'Big Little Lies' Sheds Light On Domestic Abuse

by Caitlin Flynn
Hilary Bronwyn Gayle/HBO

At first glance, I thought Big Little Lies on HBO would be a fun whodunnit crime drama with a healthy dose of dark humor, courtesy of the "kamikaze parents" at Otter Bay Elementary School. Although I'm admittedly eager to find out the identities of the deceased and the killer, the miniseries has become my latest obsession for a very different reason. Big Little Lies spotlights domestic violence and helps viewers understand how abusers operate — and why it's so often difficult for women to leave.

Out of all the moms at Otter Bay, Celeste (Nicole Kidman) appears to lead the most charmed life. She's a brilliant, accomplished lawyer who's become a stay-at-home mom to her twins, her lavish mansion is the stuff of home decor dreams, and she's married to an attractive younger man. On the surface, Celeste's life seems close to perfect. She never arrives anywhere with a hair out of place, and Celeste makes it look effortless. No one would ever imagine that her charming, attractive husband psychologically and physically abuses her when they're in the privacy of their own home — and they'd certainly never guess that Celeste's habit of wearing long sleeves and turtlenecks is most likely a way to hide her bruises.

Hilary Bronwyn Gayle/HBO

Like many perpetrators of domestic abuse, Perry has a "Jekyll and Hyde" personality — and this doesn't simply mean he becomes a violent terror the moment he and his wife are alone. He violently chokes Celeste and mocks her when she tells him he's hurting her, then proceeds to shower her with gifts, flattery, and promises to change just hours later. In fact, Alexander Skarsgård's performance is so spot-on that some viewers may even believe his apologies — especially when he owns up to his explosive behavior during a therapy session.

Celeste hasn't indicated that she's considering truly leaving her husband — and it's not simply because she's a perfectionist who'd rather be abused than shatter her perfect image by getting a divorce. It's because she wants to believe her husband is good man who will, one day, finally keep his promise to never physically hurt her again. And, Celeste's own narrative doesn't appear to show viewers the extent of Perry's abuse — for example, it's clear from a shower scene that there are bruises on her body from an incident that wasn't shown onscreen. She seems to be comforting herself with a false narrative of what type of husband and person Perry truly is.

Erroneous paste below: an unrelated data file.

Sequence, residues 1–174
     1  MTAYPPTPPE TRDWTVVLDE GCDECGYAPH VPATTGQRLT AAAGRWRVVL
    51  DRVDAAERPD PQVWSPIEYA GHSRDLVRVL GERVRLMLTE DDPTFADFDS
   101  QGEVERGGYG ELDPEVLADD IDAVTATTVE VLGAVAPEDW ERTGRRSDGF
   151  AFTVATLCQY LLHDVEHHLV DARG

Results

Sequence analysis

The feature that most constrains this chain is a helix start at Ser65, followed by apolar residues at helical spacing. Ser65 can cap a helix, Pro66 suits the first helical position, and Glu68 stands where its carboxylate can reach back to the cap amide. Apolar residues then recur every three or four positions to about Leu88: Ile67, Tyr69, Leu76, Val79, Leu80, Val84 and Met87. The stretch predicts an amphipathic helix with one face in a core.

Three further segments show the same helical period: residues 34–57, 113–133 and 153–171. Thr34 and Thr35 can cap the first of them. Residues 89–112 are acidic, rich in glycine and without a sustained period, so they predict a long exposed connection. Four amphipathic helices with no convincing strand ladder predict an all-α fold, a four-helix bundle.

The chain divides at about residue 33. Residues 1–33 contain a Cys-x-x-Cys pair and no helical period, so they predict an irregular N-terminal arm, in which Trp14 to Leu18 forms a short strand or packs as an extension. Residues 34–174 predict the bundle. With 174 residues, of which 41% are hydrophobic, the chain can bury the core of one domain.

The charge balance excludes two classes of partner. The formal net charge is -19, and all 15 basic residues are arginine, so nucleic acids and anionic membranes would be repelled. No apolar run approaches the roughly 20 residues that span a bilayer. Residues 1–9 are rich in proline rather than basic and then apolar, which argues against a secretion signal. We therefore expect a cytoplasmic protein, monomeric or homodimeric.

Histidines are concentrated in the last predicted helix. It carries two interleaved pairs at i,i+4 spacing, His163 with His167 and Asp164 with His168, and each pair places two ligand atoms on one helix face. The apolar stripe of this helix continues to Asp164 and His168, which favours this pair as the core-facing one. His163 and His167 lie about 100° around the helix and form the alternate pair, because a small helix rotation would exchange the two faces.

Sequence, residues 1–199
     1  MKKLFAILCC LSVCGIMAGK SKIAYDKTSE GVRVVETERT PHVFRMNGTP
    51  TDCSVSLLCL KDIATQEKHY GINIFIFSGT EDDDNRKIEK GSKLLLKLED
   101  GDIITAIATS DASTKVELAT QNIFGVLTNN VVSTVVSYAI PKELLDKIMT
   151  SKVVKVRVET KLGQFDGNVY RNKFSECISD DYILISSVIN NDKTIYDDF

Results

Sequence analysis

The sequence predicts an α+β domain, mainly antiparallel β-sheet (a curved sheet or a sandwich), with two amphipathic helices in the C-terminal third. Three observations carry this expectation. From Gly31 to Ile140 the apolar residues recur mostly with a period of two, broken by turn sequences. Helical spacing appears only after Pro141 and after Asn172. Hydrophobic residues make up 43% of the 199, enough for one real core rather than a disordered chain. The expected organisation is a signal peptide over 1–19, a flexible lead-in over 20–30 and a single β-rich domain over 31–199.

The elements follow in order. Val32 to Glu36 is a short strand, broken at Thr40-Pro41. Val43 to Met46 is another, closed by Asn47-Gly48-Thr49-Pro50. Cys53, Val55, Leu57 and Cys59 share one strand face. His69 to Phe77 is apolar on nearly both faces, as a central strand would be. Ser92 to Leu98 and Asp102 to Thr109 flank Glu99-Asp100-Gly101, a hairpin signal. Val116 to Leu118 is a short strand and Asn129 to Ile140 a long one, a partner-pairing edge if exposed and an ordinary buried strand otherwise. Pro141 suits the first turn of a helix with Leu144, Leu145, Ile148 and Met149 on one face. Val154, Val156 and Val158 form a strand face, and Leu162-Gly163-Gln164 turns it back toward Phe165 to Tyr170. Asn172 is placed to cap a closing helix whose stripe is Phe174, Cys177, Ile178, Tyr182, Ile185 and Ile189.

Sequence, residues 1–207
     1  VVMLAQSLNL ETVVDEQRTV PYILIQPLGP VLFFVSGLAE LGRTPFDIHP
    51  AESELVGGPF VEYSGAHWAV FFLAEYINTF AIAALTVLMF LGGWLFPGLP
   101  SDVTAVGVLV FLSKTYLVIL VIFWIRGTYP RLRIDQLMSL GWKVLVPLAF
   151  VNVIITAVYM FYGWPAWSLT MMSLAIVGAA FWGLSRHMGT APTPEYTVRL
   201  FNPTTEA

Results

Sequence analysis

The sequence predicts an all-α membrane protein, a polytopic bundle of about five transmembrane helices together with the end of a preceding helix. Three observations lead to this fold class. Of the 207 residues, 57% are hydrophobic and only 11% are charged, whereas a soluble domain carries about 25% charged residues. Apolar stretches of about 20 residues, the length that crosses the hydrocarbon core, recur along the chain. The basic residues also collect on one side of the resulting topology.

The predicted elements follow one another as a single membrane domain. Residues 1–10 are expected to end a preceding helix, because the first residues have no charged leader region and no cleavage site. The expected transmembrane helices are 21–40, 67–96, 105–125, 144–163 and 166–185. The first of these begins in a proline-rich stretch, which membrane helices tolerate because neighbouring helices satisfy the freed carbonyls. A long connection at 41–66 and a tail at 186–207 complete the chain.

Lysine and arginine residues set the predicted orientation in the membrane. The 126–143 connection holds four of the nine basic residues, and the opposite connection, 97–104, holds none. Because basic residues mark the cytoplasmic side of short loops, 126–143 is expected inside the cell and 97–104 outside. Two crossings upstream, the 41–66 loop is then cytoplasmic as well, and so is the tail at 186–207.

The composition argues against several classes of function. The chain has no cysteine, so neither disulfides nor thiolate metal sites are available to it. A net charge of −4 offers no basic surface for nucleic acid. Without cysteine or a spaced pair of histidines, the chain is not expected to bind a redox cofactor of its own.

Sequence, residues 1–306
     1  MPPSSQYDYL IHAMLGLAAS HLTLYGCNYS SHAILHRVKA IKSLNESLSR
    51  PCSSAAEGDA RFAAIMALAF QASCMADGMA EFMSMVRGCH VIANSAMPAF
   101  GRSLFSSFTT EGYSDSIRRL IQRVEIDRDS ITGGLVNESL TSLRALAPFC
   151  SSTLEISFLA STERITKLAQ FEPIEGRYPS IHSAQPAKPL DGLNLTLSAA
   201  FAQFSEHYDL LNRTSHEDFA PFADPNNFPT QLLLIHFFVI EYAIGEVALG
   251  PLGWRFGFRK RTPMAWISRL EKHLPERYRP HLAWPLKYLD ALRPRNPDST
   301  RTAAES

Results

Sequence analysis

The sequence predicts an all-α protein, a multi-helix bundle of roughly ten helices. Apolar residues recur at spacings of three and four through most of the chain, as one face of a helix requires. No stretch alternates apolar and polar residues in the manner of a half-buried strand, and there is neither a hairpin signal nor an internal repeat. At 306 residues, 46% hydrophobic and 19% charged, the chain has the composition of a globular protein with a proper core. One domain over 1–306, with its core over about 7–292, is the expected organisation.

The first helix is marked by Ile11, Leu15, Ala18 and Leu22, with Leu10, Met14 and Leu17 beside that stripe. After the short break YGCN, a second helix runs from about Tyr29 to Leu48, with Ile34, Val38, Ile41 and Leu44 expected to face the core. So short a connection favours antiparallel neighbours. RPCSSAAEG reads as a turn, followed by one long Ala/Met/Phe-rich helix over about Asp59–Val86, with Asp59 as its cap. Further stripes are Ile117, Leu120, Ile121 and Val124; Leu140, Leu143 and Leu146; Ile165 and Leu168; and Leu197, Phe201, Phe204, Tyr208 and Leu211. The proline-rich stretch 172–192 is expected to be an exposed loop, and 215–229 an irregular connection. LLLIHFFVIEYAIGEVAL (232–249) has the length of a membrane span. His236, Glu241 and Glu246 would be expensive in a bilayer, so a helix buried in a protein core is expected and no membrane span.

Hilary Bronwyn Gayle/HBO

The abuse is also psychological and involves emotional gaslighting. When Celeste doesn't provide Perry with constant updates about their twins' activities, he accuses her of deliberately planning events to exclude him. And, in the previously mentioned choking incident, he responds to her pleas to stop hurting her by saying: "Can we talk about how much you hurt me?"

In therapy, he manipulates the conversation so he can imply that his violent behavior is rooted in deep love for Celeste and fear of being abandoned. Perry says that he's "terrified" Celeste will stop loving him and leave because she seems unhappy lately — statements that seem designed to make Celeste blame herself for the abuse, or be willing to forgive him because he claims his violent behavior is the result of insecurity.

At the end of the March 5 episode "Living the Dream," Celeste tells Perry that she feels hopeful about their future. Big Little Lies may be a mystery, but there's one thing I think we can count on for sure — Perry's abuse will only continue to escalate and Celeste may find her life in danger very soon.

Meanwhile, it already seems clear that the couple's violent relationship hasn't gone unnoticed by their children. Ziggy didn't hurt Amabella, but the little girl was choked exactly like Celeste, so she could be being targeted by either Josh or Matt. Domestic violence can be a learned behavior — so, even though there's no indication that Perry has abused Josh or Matt, children who witness one parent abusing the other are also at risk for psychological problems. Only time will tell what the future has in store for the Wright family, but Big Little Lies' showrunners seems committed to depicting the realities of domestic abuse, and it's so important to see this issue represented on TV.